Oxidation and the Immune System
If you want to stay healthy, you need to feed your body properly. Although it is recommended to eat several servings of fruits and vegetables, the food pyramid is considered by many to be inadequate for individuals who are trying to maintain their optimum health. So we need supplements which will provide the entire essential nutrients needed by our body.

Nutrient supplement is recommended because it helps digest the food by supplying the minerals for effective digestion. This will help your body to totally absorb all the food nutrients.

Oxidative by-products of normal metabolism cause extensive damage to DNA, protein, and lipid.

Research is increasingly showing that those who eat antioxidant-rich foods reap health benefits. 

Antioxidants are also involved in the prevention of cellular damage — the common pathway for  a variety of diseases. Athletes have a keen interest because of health concerns and the prospect of enhanced performance and/or recovery from exercise. Increased intake of vitamin E is a protection against exercise induced oxidative damage.

Aging affects our social environment. Symptoms of old age includes wrinkles and liver spots on the skin, hair loss , lessened hearing , poor eyesight , slower reaction times and agility , reduced ability to think clearly , difficulty recalling memories , greater susceptibility to bone diseases such as osteoarthritis. Elderly people tend to have lower body temperatures and infections that would cause fever. Elderly pneumonia sufferers may present symptoms such as rapid breathing, reduced appetite and reduced functioning. Elderly urinary tract infection sufferers may present symptoms such as incontinence, confusion and may suffer from falls.

Vitamin A (Beta Carotene), Vitamin B1 (Thiamine), Vitamin B2 (Riboflavin), Vitamin B3 (Niacin), Vitamin B6 Pyrodixine), Vitamin B7 (Biotin), Vitamin C (Ascorbic Acid), Vitamin D (Cholecalciferol), Vitamin E (Tocopherol) and Vitamin K. Vitamin A is needed to protect your body against free radical damage to cells. Calcium and Vitamin D are essential to maintain strong bones and teeth.

Calcium, Copper, Iron, Potassium, Magnesium, Manganese and Zinc. Calcium is one of the most important minerals for the growth, maintenance, and reproduction of the human body. Blood coagulation, transmission of nerve impulses, muscle contraction and relaxation, normal heart beat, stimulation of hormone secretion, activation of enzyme reactions, as well as other functions, all require small amounts of calcium. After age 50, more calcium or 1,200 milligrams are needed. As you age, minerals in your bones are lost and bones may get thinner.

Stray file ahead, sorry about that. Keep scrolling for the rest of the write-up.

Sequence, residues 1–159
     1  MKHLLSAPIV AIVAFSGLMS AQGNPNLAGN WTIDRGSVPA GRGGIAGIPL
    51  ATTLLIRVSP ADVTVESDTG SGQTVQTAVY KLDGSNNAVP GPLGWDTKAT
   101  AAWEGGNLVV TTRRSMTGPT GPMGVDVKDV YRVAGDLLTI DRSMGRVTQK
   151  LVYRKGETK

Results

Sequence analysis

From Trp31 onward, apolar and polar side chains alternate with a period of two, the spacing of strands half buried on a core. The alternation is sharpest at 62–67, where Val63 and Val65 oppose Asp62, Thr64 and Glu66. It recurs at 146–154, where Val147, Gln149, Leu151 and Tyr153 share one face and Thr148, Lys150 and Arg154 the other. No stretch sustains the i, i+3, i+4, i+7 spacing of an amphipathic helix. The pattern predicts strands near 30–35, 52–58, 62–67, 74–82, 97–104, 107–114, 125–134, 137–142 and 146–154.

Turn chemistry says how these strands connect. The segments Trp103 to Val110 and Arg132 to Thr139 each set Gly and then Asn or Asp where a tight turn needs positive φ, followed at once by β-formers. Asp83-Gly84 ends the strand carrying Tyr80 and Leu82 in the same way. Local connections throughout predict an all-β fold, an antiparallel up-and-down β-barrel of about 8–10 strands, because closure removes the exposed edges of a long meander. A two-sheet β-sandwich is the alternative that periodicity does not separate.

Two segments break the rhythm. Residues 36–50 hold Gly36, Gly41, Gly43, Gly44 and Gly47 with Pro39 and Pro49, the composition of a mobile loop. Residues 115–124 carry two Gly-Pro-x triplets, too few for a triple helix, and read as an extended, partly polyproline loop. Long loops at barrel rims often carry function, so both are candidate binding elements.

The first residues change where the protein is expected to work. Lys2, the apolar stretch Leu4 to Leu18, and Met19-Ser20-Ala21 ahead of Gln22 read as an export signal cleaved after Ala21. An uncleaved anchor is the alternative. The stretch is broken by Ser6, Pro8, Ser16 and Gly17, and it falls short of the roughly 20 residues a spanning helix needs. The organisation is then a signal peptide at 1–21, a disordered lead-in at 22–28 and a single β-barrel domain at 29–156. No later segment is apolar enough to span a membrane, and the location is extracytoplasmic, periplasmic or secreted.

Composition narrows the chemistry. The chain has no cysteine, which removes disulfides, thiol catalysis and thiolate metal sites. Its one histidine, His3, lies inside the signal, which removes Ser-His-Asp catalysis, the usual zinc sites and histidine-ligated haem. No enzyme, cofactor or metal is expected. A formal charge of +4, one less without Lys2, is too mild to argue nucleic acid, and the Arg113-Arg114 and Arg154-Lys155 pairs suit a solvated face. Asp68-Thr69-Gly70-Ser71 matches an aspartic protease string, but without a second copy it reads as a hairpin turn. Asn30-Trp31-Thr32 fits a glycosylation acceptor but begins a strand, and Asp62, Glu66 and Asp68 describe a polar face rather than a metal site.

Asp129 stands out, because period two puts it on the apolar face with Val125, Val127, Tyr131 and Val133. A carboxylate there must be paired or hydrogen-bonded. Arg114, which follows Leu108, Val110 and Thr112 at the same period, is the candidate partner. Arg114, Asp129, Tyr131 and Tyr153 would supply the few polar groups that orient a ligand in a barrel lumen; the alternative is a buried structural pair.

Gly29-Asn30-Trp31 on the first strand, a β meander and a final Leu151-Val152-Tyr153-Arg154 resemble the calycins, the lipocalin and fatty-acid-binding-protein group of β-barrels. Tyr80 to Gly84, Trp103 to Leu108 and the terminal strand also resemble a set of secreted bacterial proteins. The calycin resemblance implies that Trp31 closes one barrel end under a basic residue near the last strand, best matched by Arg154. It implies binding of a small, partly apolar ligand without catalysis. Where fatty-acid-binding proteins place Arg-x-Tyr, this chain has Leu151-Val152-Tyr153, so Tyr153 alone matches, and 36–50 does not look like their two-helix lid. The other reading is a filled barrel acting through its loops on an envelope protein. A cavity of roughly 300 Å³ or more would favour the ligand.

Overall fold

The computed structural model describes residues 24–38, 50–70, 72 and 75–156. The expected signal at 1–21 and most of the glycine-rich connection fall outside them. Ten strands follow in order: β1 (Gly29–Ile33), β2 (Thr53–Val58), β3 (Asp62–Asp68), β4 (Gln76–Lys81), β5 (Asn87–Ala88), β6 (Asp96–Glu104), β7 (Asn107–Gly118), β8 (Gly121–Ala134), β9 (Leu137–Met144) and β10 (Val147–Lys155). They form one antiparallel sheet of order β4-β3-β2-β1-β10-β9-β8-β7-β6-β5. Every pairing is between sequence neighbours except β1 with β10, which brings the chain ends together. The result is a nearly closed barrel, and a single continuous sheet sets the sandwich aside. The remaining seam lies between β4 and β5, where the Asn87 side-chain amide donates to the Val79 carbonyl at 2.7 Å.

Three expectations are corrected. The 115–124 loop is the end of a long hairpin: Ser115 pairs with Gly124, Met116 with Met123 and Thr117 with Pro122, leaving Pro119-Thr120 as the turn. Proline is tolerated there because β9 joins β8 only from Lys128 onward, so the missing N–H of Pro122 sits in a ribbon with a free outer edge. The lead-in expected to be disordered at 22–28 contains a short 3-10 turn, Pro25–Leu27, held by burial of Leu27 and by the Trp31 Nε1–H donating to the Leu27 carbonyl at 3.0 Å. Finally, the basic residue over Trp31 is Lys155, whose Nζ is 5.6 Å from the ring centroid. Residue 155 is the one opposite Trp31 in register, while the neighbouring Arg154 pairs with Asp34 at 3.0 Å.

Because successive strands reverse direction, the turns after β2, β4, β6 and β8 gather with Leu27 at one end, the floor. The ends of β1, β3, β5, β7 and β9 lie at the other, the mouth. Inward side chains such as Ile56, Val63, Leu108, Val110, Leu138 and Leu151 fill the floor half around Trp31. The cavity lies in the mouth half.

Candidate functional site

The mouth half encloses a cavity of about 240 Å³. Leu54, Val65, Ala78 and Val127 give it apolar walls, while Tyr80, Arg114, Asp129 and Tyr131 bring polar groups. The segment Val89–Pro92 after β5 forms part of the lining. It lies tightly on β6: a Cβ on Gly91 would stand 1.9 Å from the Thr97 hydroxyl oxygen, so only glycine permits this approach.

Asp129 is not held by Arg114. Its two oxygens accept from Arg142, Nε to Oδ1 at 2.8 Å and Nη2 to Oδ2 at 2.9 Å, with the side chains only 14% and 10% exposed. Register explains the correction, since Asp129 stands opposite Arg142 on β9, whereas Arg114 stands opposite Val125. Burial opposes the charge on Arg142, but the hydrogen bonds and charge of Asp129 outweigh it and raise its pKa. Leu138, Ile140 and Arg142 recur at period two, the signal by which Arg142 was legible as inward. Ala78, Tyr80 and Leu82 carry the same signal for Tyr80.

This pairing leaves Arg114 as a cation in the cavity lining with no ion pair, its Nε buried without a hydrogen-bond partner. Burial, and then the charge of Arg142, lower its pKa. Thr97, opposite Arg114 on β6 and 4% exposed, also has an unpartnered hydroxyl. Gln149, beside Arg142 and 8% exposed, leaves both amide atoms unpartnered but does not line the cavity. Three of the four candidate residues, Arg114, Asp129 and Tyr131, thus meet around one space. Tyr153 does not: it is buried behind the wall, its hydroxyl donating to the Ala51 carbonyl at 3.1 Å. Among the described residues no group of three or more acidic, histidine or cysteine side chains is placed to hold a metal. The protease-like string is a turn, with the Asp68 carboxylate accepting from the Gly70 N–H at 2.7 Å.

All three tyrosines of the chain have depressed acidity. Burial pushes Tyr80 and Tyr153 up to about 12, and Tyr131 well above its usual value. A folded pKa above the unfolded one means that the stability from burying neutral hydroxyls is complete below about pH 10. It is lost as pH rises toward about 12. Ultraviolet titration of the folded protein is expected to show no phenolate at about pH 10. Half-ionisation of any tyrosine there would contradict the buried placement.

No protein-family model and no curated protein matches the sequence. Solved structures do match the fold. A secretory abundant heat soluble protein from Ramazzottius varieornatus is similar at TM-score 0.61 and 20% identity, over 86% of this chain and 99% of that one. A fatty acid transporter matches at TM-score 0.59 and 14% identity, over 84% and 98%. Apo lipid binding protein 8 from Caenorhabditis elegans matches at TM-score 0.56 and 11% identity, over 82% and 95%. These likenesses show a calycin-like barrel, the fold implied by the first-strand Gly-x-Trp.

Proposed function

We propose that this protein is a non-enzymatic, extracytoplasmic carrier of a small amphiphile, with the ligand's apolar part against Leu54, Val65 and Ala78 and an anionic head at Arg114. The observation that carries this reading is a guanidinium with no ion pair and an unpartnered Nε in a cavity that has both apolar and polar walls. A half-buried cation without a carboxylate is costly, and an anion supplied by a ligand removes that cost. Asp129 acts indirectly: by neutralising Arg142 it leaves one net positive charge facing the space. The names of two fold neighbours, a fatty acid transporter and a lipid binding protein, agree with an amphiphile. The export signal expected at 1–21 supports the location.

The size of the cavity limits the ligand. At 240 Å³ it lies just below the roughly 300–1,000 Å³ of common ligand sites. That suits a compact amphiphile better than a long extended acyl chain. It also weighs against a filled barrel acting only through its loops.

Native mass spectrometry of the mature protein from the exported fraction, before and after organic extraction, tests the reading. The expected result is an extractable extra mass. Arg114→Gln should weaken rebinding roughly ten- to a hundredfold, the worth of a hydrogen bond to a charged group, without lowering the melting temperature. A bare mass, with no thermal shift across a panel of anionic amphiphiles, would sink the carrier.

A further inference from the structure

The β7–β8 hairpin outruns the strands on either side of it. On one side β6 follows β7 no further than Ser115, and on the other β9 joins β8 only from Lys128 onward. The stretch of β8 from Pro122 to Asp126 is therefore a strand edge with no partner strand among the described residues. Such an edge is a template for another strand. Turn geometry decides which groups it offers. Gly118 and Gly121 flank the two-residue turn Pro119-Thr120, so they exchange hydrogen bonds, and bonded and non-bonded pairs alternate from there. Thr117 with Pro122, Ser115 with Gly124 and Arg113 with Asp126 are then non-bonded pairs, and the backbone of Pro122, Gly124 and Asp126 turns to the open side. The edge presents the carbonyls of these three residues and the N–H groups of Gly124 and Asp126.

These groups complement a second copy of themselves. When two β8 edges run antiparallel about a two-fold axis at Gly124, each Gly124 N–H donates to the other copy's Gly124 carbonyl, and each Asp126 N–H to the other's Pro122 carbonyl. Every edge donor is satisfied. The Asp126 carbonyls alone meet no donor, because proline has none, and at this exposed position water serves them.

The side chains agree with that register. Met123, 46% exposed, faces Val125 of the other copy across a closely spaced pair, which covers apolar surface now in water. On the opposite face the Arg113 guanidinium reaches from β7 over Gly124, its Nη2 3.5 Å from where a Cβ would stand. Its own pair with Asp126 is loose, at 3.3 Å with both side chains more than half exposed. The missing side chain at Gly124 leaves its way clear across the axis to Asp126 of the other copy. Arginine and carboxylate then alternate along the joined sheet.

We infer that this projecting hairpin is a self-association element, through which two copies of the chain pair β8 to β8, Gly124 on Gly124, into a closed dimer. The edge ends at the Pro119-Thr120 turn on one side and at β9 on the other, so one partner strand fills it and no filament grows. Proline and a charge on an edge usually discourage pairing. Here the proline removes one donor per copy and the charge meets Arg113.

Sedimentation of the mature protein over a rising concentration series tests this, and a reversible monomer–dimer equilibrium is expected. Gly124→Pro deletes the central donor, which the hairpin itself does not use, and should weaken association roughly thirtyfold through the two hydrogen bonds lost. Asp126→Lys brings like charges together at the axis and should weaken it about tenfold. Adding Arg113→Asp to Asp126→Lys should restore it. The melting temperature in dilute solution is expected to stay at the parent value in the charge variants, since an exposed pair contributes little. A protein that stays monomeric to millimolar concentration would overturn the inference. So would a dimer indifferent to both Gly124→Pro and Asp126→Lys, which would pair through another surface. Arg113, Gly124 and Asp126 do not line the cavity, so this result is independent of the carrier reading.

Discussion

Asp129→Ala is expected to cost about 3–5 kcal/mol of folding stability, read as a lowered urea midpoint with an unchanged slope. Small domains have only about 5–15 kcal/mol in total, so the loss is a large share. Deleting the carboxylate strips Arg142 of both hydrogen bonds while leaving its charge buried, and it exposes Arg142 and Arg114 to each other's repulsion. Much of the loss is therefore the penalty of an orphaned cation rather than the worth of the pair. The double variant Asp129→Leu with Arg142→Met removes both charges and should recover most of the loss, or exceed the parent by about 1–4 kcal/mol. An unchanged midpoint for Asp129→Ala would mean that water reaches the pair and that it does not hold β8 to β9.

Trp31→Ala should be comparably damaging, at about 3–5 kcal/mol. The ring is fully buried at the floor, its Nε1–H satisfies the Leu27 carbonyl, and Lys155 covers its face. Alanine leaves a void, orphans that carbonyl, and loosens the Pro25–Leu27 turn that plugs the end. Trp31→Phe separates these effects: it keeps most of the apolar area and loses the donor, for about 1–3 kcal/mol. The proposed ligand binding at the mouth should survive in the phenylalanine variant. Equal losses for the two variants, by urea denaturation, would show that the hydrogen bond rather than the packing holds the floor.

Iron, helps in the formation of hemoglobin and myoglobin, which carry the oxygen in the blood and the muscle. Iron also makes up part of many proteins and enzymes in the body, deficiency of which leads to the weakening of the immune system, helps in improving the mental ability as the oxygen supply to the brain increases.

Under Nutrition in Children and Adults
Lack of consumption of balanced nutrients or feeding the wrong kind of food leads to an accumulation of toxins within the body, resulting in chronic diseases. Since no single food group can nourish the body with all the vital ingredients it requires, it is important that we consume a variety of healthy foods to derive the nutrition our body needs. Children are the vulnerable groups, they need complete nutrition for their growth, physical and mental fitness.

When children do not eat enough fruits and vegetables they run the risk of having low intakes of vitamins A and C. B Complex Vitamins (thiamin, niacin, riboflavin and other B vitamins) come from a variety of foods, including grain products, meat and meat substitutes and dairy products. Most of the children are not consuming the healthy foods instead they are attracted towards the mal-nutrient snack foods.

When appetites slow down and children do not seem to be eating nutritiously, concerned parents consider using a vitamin-mineral supplement.

Vitamins and other nutrients are critically important for the proper physical, cognitive and even emotional development of young children. Vitamins, minerals and other essential nutrients help create the neurotransmitters that relay signals between these brain Children who do not get adequate nutrition in their first few years of life are more likely to have problems throughout life. This includes lower IQ, slower language and motor development, and poor school performance.